So there you have it; the other gargoyles are pissed at the goodscrafter, who lost his whole family, because everybody has suffered those losses, but they've been able to carry on. In his depression, the goodscrafter has also lost his faith.
Of course they're not all depressing...
You see a large and boisterous gargoyle. He carries a 'knife' large enough to be a sword!
"The False Prophet! To welcome you to my place of cooking. To offer you the best food in all the world!"
"I wasn't aware human sacrifices were celebrities around here, but hey, nice to meet a fan."
"To be called Foodmaker, not having a name yet. But to be the finest cook in the land! To receive a name someday soon for my skill. To cook and serve food for all the gargoyles who live in these parts is my job, also to guide and instruct the wingless ones in cooking chores. To have to watch their every move! But to acknowledge that they are vital to our society."
"So we can eat here?"
"Yes, yes! To offer you this finely roasted meat!" With a few strokes of his huge knife, the gargoyle cuts you a slice of meat. Your party eats the proferred food. The flavor is unlike anything you've had before.
"I wonder what sort of meat this is, Steve."
The gargoyle beams with pride. "To ask you: Is it not the best meat you have ever eaten?"
"It's... well, it's not bad."
"To know of no finer cooker of horseflesh than myself! To give you some fine horseflesh to take with you on your trip!" The chef gives you 5 horse chops.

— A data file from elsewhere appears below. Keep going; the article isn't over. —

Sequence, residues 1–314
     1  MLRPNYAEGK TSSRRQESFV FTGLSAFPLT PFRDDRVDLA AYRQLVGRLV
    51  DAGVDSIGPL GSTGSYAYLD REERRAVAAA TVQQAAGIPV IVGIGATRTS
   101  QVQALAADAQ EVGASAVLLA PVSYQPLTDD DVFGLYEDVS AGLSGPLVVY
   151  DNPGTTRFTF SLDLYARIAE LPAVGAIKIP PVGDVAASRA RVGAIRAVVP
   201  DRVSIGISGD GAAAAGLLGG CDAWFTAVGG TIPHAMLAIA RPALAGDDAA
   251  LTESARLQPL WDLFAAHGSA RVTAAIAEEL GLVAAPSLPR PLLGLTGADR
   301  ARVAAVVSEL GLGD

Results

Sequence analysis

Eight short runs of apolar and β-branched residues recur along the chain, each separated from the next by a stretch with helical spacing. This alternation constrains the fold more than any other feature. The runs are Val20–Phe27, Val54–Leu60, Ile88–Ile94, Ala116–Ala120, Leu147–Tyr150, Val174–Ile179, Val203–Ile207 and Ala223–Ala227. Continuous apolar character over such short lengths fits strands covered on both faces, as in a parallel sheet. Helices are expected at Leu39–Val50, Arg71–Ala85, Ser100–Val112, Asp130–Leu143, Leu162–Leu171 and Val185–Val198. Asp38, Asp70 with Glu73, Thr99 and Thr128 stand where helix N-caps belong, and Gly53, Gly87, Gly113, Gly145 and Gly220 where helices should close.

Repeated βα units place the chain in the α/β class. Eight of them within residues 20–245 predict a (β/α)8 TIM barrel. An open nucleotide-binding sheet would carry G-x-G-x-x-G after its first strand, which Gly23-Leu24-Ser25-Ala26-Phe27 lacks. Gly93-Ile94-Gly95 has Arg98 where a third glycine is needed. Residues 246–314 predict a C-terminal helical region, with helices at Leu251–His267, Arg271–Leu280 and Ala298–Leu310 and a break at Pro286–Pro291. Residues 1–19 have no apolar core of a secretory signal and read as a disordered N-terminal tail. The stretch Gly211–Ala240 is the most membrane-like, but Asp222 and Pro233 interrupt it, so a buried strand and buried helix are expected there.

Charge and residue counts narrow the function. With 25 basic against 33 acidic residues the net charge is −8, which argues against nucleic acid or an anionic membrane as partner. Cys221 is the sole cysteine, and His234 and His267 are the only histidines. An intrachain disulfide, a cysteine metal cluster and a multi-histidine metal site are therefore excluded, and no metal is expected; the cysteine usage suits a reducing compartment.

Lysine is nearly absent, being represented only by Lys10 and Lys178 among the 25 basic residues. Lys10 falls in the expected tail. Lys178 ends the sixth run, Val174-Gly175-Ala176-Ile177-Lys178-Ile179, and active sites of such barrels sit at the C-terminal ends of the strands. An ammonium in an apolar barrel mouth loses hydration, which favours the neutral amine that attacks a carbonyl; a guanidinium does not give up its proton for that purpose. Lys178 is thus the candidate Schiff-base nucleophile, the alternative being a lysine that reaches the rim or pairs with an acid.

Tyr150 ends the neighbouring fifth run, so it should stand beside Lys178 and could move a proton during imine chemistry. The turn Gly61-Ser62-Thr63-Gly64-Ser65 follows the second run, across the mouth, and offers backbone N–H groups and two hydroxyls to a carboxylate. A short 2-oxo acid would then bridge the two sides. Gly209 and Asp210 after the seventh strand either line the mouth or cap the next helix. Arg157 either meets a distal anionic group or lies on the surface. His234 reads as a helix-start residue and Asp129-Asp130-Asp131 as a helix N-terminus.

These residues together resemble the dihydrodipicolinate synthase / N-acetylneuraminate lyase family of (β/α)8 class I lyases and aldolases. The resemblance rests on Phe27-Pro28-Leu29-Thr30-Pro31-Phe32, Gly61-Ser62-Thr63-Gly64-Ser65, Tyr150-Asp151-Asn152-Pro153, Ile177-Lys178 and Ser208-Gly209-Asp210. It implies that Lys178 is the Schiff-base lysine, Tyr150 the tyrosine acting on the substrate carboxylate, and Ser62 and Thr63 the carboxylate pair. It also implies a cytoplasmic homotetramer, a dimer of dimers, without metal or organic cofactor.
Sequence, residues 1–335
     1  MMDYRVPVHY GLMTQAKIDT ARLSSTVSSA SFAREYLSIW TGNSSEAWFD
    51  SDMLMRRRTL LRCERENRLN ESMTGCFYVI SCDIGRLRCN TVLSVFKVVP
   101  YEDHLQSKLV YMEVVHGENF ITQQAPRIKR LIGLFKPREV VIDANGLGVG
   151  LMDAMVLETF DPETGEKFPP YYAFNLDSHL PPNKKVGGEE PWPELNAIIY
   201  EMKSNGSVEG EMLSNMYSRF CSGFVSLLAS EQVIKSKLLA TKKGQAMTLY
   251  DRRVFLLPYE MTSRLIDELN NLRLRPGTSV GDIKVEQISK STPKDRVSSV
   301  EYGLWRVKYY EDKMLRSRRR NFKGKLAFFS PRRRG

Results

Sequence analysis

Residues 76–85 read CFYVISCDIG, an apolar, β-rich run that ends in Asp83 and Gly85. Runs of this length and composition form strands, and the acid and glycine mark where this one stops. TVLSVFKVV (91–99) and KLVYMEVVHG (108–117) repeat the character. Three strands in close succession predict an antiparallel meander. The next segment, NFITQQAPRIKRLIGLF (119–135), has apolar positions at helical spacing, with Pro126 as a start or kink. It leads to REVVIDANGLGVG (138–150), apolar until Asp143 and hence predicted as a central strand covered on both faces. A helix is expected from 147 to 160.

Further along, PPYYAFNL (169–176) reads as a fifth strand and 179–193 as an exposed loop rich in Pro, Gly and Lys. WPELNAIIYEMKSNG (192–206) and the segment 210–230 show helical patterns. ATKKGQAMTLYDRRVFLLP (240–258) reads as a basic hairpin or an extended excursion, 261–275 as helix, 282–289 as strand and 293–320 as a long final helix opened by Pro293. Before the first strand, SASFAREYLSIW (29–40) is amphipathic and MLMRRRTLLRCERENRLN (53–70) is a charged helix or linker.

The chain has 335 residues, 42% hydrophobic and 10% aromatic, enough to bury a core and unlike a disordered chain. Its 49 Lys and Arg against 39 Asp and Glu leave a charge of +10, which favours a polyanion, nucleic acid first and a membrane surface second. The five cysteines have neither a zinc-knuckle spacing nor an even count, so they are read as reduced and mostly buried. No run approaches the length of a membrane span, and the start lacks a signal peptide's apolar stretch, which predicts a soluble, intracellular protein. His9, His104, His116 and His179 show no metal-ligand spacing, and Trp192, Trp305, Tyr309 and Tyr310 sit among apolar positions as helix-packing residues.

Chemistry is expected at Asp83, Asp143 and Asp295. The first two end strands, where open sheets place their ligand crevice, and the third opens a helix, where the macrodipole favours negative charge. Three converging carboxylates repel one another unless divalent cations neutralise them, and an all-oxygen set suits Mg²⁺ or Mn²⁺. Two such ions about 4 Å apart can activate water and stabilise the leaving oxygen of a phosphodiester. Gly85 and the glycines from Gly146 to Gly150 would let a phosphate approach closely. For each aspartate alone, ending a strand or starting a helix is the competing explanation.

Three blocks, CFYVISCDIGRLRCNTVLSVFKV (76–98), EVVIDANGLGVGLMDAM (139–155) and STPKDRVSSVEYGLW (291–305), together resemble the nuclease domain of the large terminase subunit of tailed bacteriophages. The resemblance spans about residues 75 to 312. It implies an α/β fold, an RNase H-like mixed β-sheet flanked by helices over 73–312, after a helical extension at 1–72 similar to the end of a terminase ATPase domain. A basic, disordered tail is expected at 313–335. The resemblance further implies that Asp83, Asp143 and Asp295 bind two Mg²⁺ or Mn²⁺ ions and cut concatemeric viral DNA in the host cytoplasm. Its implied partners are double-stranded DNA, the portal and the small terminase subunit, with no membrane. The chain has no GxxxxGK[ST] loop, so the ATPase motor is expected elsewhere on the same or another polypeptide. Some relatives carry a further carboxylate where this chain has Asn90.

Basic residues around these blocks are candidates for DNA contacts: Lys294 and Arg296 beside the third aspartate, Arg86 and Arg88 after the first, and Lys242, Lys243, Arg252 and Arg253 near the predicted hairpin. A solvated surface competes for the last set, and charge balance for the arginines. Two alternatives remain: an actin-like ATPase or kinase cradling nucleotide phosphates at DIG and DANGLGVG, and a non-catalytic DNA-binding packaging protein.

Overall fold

Mmmmmm, horse chops.
The gargoyles don't have a value-based economy, so I can just take anything I want from the stores. Most of it is uninteresting, but the silver serpent venom here is fairly interesting. It's basically a combat drug (remember the gargoyles that fought like monsters and then dropped dead?), but it will come back with a vengeance in Ultima VII as an illicit drug.
Look familiar? This is where the Avatar was almost sacrificed at the beginning of the game. You may be asking yourself: "Nakar, if the other dudes showed up through a Red Moongate here at the beginning of the game, could you do so as well?"
And in fact, I can! There are actually several destinations in the gargoyle world you can reach through the Orb of the Moons. However, you don't want to do so before you can get Beh Lem or the Amulet of Submission, because the gargoyles will flip a pancake and try to kill you. Understandably, either outcome of this is likely to make the game impossible to finish.
Now, however, I will easily be able to return here without going through Hythloth again.
I'm not sure who else is being sacrificed here.
Anyway, Naxster might be getting a little impatient.
You see a very old gargoyle.
The venerable gargoyle peers at you. "Greetings, False Prophet. To have been told by Naxatilor, long ago, that you would one day come to me, wearing the Amulet of Submission. To never have believed it would come to pass."
"It's all very new and exciting for me too."
"To ask what service I can perform?"
"Are you the lensmaker?"
"To lack a name, of course. But to be called Lor-wis-lem, the scholar of light, by many learned gargoyles." As he says this, the ancient gargoyle beams with pride. "To craft the finest lenses in the land. Also to teach my young apprentices not to cut themselves on the glass! To be nearing the end of my time. To have one last sacred duty: To pass on my skill to the next generation."
"How long is, you know... time, for a gargoyle?"